My Faves from the First Half of 2011, Part I
While I had to think for a bit on many of these topics before I could figure out the most apt answer, my favorite read thus far in 2011 is The Piper's Son. No question. I have thoroughly enjoyed every one of the Melina Marchetta novels I've read and I am saving two of them for lulls in my reading enjoyment. I cannot say the same for any other author. She is simply amazing at conveying true feeling and multidimensional characters that feel absolutely real.
I'm not sure how well the book would come across without reading its companion Saving Francesca beforehand, so I recommend you start with that one and then make your way to Piper.
Teeeears. I very rarely cry in books but these two made me sob. Before I Die chronicles a girl's attempt to finish a bucket list before she passes away from leukemia and If I Stay tells the story of a girl who, after a horrible car accident, evaluates her life and decides whether she wants to live or let go. Read them with tissues. They get the "best achey, heartbreaking, tear-jerker read" award.
Boston, how I miss you. I kept putting this book off for some reason, even though many of my reader friends kept recommending it to me. I am ashamed that I never picked it up before I did because I just adored it. It was heartwarming, funny, and beyond endearing. The characters were each refreshing and the relationships spot-on. It made me want to immediately move back to Boston. For that, My Most Excellent Year by Steve Kluger gets "delicious, rainy day comfort read."
Sigh, Wyoming. Even though the category "I-so-want-to-go-to-there" would usually make readers want to pick a fabulous imaginary world or a fantastic fantasy, I picked Cynthia Hand's Unearthly because it is set in one of my favorite parts of the United States--the Yellowstone/Teton parks section. I love going there and I wish I was there all the time.
DJ Schwenk of the Dairy Queen series by Catherine Gilbert Murdock might just be the most realistically endearing narrator I've ever read. I listened to the first two installments in this series in January and adored both of them. Read them. DJ wins "most memorable voice."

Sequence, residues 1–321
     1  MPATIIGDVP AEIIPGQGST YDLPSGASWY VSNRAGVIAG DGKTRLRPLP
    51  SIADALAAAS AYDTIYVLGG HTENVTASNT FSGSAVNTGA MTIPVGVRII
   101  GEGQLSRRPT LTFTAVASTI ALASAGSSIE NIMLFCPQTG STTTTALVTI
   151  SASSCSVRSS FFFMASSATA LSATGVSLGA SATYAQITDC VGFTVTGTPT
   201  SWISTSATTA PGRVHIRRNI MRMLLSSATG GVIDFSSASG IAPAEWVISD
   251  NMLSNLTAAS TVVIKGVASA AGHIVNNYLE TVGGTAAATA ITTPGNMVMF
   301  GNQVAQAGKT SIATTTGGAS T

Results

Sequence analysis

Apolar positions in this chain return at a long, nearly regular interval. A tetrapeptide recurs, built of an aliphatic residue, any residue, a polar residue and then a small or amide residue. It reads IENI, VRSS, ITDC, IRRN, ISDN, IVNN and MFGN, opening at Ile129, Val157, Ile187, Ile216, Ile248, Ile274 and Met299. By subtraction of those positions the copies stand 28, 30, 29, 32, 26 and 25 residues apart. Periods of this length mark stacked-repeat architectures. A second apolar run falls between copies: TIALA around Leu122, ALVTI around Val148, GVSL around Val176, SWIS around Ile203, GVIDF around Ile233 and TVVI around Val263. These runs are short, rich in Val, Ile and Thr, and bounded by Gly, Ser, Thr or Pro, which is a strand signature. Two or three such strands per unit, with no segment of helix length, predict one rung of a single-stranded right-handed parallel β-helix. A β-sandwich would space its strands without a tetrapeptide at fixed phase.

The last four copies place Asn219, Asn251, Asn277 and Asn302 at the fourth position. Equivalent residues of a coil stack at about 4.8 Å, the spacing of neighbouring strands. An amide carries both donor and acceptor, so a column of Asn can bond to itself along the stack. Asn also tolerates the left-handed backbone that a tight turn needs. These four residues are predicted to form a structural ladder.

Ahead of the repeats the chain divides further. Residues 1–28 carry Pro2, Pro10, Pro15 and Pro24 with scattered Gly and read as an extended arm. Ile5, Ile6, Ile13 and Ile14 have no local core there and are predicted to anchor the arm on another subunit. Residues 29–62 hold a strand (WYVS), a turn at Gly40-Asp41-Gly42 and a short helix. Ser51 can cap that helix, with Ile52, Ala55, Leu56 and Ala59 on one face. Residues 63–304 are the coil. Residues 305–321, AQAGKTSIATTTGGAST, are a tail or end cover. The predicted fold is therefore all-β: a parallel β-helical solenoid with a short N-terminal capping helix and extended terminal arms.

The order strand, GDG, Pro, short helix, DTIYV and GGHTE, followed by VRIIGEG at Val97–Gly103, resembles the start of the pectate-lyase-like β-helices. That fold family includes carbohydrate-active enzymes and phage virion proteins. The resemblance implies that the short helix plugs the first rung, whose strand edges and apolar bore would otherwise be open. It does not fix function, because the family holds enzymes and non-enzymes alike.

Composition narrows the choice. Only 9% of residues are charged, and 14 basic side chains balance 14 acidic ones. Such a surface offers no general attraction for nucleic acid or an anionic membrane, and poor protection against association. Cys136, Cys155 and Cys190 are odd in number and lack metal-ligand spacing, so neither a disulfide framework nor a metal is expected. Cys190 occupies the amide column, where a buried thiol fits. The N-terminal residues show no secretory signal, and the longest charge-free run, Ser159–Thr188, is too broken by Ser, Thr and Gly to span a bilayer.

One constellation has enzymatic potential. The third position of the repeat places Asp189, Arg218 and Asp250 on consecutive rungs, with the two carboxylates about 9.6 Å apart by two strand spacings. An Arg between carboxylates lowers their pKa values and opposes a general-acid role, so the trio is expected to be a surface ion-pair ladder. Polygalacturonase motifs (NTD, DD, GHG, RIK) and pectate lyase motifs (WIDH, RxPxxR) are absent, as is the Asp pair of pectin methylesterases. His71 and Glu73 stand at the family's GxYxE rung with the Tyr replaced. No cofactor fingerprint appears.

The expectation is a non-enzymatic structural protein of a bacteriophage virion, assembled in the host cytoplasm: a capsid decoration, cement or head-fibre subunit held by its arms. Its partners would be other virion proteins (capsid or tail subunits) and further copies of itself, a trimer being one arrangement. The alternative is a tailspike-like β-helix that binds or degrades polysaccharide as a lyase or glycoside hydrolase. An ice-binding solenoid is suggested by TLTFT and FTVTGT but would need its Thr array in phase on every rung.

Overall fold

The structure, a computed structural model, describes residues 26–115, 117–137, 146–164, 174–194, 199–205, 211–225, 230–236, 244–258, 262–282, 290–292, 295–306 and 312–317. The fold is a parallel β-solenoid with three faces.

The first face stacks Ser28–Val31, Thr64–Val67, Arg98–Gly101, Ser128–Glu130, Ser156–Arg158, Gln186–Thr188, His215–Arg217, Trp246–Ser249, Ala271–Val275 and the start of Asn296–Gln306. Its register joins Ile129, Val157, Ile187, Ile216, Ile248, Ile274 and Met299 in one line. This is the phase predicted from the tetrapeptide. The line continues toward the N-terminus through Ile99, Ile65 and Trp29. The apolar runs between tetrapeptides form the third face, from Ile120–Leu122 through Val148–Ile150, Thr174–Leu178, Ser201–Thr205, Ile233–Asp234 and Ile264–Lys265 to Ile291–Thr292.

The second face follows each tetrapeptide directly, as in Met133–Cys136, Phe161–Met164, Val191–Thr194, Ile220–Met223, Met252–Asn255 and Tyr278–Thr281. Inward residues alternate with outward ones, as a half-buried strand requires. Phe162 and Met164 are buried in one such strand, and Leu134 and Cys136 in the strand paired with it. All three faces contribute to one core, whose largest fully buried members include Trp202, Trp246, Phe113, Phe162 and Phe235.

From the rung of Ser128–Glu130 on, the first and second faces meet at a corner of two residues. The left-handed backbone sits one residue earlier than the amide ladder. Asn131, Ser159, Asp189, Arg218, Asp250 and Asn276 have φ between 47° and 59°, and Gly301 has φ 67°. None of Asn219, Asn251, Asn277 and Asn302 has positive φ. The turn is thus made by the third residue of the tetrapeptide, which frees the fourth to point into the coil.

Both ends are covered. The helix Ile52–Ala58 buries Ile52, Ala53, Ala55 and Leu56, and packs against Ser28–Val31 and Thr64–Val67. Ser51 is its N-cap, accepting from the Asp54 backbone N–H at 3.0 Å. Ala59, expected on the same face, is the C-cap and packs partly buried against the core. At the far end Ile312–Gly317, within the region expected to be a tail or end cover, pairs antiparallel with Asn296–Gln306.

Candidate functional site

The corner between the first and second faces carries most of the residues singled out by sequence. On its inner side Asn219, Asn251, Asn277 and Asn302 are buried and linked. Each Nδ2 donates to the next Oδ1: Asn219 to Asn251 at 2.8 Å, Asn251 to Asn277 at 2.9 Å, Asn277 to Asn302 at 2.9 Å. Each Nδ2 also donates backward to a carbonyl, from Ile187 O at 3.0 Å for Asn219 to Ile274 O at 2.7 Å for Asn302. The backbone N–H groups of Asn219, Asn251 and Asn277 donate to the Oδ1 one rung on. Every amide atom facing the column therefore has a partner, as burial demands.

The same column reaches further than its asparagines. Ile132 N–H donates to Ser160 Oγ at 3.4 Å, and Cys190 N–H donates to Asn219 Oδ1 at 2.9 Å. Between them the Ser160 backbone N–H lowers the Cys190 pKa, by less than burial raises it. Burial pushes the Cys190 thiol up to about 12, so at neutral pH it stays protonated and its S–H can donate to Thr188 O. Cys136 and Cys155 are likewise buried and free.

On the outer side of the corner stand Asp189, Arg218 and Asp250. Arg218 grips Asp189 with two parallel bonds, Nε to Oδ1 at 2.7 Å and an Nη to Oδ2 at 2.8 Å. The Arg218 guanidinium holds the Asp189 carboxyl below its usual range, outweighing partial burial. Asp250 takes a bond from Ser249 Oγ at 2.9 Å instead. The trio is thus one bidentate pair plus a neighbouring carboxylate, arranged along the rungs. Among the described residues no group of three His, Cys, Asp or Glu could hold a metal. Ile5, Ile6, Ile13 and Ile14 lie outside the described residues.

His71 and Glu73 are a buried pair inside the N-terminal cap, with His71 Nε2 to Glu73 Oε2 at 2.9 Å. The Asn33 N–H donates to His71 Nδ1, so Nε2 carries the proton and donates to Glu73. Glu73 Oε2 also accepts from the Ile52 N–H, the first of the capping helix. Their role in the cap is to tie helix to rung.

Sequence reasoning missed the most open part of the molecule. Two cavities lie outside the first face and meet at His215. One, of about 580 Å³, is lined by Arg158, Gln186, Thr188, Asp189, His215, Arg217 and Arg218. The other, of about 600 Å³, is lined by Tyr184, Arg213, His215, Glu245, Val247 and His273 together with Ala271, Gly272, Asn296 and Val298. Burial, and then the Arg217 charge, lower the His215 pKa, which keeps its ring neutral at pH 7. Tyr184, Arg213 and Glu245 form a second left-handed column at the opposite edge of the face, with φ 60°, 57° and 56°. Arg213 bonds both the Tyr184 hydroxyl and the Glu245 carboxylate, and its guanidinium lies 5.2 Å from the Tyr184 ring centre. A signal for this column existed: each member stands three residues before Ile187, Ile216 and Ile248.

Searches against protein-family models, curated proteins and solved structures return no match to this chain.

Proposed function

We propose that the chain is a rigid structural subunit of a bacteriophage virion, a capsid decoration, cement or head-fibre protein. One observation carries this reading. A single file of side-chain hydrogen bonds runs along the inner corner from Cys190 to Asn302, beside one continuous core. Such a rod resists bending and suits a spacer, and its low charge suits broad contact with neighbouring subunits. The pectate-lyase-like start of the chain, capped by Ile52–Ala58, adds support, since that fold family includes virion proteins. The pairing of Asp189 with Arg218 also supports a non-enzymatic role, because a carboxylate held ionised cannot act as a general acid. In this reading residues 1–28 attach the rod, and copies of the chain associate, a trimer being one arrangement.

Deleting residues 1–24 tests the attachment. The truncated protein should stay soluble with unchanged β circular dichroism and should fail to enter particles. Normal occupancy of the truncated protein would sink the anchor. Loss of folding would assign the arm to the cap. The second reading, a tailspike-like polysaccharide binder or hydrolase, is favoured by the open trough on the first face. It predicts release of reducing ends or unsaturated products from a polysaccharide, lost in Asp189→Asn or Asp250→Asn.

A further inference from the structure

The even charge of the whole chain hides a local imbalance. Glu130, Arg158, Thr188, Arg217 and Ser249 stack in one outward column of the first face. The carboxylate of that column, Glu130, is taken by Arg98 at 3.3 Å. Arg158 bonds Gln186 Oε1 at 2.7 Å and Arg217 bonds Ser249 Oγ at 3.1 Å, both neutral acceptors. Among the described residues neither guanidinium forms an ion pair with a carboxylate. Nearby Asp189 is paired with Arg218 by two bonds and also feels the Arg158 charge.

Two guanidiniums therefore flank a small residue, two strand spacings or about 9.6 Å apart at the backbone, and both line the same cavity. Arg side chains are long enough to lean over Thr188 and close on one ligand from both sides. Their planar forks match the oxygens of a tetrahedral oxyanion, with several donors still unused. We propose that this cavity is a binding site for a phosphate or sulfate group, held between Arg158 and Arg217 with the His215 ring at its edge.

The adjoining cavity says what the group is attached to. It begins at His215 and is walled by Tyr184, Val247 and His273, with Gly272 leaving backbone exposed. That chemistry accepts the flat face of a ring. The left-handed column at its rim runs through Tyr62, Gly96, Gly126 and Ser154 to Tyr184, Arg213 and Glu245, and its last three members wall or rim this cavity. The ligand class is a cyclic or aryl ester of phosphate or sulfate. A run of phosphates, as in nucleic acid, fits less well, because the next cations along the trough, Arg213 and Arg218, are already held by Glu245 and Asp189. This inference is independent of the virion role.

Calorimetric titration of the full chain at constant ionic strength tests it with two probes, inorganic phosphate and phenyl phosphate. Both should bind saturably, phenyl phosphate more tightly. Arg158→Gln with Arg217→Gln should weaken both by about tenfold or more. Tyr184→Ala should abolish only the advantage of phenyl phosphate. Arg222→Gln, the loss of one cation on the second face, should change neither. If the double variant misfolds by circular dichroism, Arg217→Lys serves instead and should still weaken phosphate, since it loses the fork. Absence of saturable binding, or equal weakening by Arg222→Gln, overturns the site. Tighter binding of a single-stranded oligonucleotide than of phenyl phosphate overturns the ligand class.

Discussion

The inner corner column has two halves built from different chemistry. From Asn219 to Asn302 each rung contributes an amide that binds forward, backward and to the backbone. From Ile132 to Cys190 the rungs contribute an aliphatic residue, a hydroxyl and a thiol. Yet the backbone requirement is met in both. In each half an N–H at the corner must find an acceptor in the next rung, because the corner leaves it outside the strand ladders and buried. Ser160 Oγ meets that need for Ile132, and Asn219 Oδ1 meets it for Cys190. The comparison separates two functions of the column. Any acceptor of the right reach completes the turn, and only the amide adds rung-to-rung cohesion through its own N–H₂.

Stephen King (writing as Richard Bachman)'s Rage and Jack Ketchum's The Girl Next Door were both disturbing, but on different levels. The former is scary because it imagines a student going on a shooting rampage in school. (scary because it could've happened at the time it was written and actually did happen afterward) Ketchum's novel is scary because it is based on an horrific crime that occurred--so much torture is involved. Both of these stories will stay in my mind for years to come and that is why I pick them as "most haunting."
Blood Red Road "would make the best movie." From the setting to the dialogue, to the action, to the characters, this entire book lends itself to the cinema experience. I really hope it becomes a movie in the future because I would love to see this world imagined on the big screen.
Lucy Christopher's Aussie book Stolen wins the "outside my comfort zone but gosh how I loved it" award. I was so skeptical going into this one because it is about the kidnapping of a teenage girl and other readers told me I would sympathize with the abductor. I categorize this as outside my comfort zone only because I did end up agreeing with them--it isn't often when I read books where I am so conflicted about the bad guy/good guy duality. In actuality, very little (if anything) is outside of my comfort zone.
Ultraviolet is a pretty amazing book. It is not yet released but I had the chance to read it as an ARC and loved it. It wins the "I had no idea I would love this so" award because I went into it basically blind and came out completely wowed. RJ Anderson switches up the entire feel of the book (and the genre!) and I was amazed at the fact that I stayed interested and enjoyed the entire thing. I also give this one the "completely awesome premise" award.
I really highly doubt that anyone is still reading at the end of this epically long posting but I wanted to do it for posterity's sake. Thanks Nomes for thinking up such great award topics!